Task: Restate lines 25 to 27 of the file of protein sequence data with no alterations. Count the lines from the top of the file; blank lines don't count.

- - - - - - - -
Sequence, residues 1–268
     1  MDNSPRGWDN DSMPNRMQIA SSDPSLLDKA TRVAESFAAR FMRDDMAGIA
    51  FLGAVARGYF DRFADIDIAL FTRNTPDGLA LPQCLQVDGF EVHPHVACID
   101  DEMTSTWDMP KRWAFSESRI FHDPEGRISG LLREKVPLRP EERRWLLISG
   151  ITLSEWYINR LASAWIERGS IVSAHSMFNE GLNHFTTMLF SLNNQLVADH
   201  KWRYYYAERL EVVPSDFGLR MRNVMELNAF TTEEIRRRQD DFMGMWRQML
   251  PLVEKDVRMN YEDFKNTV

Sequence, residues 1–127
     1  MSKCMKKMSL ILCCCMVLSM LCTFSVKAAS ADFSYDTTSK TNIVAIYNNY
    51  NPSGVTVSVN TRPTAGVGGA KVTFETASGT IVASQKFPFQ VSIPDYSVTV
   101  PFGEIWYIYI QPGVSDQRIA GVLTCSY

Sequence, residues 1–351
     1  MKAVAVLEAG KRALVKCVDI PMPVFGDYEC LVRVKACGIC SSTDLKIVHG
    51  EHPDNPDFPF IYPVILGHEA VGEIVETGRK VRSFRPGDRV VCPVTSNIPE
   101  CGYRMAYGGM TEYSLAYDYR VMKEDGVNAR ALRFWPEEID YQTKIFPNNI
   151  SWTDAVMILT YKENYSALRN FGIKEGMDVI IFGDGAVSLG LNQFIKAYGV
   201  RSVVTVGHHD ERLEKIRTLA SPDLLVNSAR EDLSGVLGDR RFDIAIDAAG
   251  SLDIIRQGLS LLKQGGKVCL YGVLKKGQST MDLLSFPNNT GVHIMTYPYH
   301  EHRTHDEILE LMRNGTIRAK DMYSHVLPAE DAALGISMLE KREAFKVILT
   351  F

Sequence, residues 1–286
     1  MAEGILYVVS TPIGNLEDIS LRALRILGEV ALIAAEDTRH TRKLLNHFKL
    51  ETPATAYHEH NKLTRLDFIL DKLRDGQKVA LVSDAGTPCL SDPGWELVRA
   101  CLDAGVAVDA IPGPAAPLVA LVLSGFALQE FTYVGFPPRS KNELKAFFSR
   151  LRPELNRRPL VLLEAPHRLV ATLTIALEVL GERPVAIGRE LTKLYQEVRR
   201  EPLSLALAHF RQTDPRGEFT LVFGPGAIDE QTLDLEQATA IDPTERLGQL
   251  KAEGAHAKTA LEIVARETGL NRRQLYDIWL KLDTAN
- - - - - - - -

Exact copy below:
   151  LRPELNRRPL VLLEAPHRLV ATLTIALEVL GERPVAIGRE LTKLYQEVRR
   201  EPLSLALAHF RQTDPRGEFT LVFGPGAIDE QTLDLEQATA IDPTERLGQL
   251  KAEGAHAKTA LEIVARETGL NRRQLYDIWL KLDTAN